L.A. was the first place that DeRozan dealt with what he termed culture shock, amid his move from Compton to USC, where the basketball staff never worried about DeRozan getting into trouble, Arnold said, because the quiet star spent most of his weekends at home with family. His understated nature earned respect and made him something of a “pied piper” among teammates, Arnold said. Wilkinson, who was an upperclassman during DeRozan’s and Vucevic’s lone USC season together, in 2008, said DeRozan’s seriousness on the court was apparent immediately during workouts.

Bulls center Nikola Vucevic grabs a rebound against Jazz center Hassan Whiteside.
Bulls center Nikola Vucevic beats Jazz center Hassan Whiteside to a rebound.
(Matt Marton / Associated Press)

A language barrier, and the presence of starting upperclassman Taj Gibson, left Vucevic both reserved and a Trojans reserve at the start of his college career. He developed into an all-conference post player who Arnold remembered becoming literally a big man on campus known for a large circle of friends.


“Nikola, when he got off the plane, was a skinny kid that didn’t speak very good English and wasn’t sure what was going to happen in life,” Arnold said. “He gained his confidence in Los Angeles and he gained his friendships and his basketball circle in America in L.A.

“And he still comes back in the summers and works out. Two totally different stories, two kids from totally different parts of the world, but L.A. most definitely played a major role in their basketball life.”

Ball and LaVine left college as first-round picks whose pro careers didn’t stabilize until reaching their second teams. In Chicago, LaVine is known as a microwave scorer. Since being traded by the Lakers to New Orleans, Ball has shot better than 37% from deep since 2019. This season, he’s making 44% of his three-pointers, and Grace called it the first time since UCLA that he’s seen Ball having as much fun.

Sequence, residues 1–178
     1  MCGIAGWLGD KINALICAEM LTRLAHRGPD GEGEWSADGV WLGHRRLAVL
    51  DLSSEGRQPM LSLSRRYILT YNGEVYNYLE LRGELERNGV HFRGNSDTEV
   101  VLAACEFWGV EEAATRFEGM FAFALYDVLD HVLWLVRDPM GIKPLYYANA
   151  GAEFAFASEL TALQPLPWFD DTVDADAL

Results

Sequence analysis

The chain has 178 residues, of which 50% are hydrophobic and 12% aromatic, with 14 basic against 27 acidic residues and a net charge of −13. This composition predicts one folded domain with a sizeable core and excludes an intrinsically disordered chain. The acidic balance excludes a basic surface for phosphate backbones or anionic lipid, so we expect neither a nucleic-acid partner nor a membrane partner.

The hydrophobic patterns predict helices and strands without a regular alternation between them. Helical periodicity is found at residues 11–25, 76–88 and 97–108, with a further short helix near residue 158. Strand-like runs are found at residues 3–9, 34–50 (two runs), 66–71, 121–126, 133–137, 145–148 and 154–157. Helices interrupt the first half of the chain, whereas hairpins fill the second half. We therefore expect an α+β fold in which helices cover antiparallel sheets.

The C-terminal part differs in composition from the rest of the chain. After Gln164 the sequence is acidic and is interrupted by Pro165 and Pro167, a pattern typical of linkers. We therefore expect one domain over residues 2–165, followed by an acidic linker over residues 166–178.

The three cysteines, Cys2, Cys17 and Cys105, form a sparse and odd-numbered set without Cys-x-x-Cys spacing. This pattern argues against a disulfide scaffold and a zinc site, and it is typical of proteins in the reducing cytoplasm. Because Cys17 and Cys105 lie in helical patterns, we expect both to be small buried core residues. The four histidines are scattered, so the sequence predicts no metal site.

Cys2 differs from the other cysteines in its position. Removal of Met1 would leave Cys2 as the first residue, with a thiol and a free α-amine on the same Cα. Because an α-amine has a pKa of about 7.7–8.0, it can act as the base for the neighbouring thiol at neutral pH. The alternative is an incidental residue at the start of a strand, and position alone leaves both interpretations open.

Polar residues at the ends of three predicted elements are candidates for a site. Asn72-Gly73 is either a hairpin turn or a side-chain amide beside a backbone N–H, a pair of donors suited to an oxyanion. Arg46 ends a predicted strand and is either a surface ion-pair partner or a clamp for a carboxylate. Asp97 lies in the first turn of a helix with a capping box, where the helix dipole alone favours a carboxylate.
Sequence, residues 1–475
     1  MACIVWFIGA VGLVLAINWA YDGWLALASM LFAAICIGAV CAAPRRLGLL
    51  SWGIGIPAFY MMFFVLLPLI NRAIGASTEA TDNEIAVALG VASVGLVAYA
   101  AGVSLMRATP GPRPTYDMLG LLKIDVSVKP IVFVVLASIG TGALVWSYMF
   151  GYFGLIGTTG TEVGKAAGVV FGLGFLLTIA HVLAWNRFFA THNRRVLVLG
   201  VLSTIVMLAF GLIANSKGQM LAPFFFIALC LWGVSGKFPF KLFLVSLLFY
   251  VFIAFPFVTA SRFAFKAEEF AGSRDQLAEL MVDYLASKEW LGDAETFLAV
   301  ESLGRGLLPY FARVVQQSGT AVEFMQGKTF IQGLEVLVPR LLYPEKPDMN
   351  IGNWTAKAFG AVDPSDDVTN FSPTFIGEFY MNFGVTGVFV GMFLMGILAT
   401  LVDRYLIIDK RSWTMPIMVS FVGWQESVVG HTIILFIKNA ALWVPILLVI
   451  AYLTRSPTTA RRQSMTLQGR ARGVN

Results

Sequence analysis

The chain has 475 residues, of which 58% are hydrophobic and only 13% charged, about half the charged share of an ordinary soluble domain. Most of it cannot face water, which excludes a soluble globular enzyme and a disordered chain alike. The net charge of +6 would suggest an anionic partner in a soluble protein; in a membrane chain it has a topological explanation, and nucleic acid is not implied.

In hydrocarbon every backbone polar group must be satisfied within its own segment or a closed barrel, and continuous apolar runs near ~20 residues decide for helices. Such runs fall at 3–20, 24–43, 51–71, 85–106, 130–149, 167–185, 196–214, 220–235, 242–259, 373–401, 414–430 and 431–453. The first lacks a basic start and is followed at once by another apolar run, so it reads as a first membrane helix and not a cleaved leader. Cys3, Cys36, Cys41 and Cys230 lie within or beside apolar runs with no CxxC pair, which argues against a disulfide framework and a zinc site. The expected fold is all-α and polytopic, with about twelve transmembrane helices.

“He’s smiling, just more comfortable and talking to him, he’s more relaxed,” Grace said. “I think people need to write about it is, the year before Lonzo gets to UCLA we weren’t very good. He comes in and changes the whole culture with the pass.

“… We ran basically the same plays from the year before and it just goes to show you what can happen when you bring a person in and he cares more about his teammates and about passing the basketball. That’s what I think is happening now with the Bulls.”

The Bulls' Lonzo Ball makes a pass while under pressure from Grizzlies guard Ja Morant, left, and forward Kyle Anderson.
Bulls point guard Lonzo Ball makes a pass while under pressure from Grizzlies guard Ja Morant, left, and forward Kyle Anderson.
(Charles Rex Arbogast / Associated Press)

Some of that might have to do with familiarity.

When Caruso agreed to terms with Chicago on Aug. 2, it was Ball, having joined the Bulls only days earlier in a sign-and-trade deal, who called the guard the “perfect teammate.” When DeRozan committed one day later, Vucevic tweeted a 12-year-old picture of the two together at USC. And after LaVine returned from the Tokyo Olympics, where he won a gold medal with the U.S. men’s team, he worked out at times alongside Caruso — in Southern California, of course.

“I think the Bulls are legit,” Arnold said. “If people aren’t talking about them as one of the best teams in the NBA, then they haven’t been watching.”

Bulls guard Zach LaVine drives around a screen by teammate Nikola Vucevic to get past Nets guard Bruce Brown.
(Charles Rex Arbogast / Associated Press)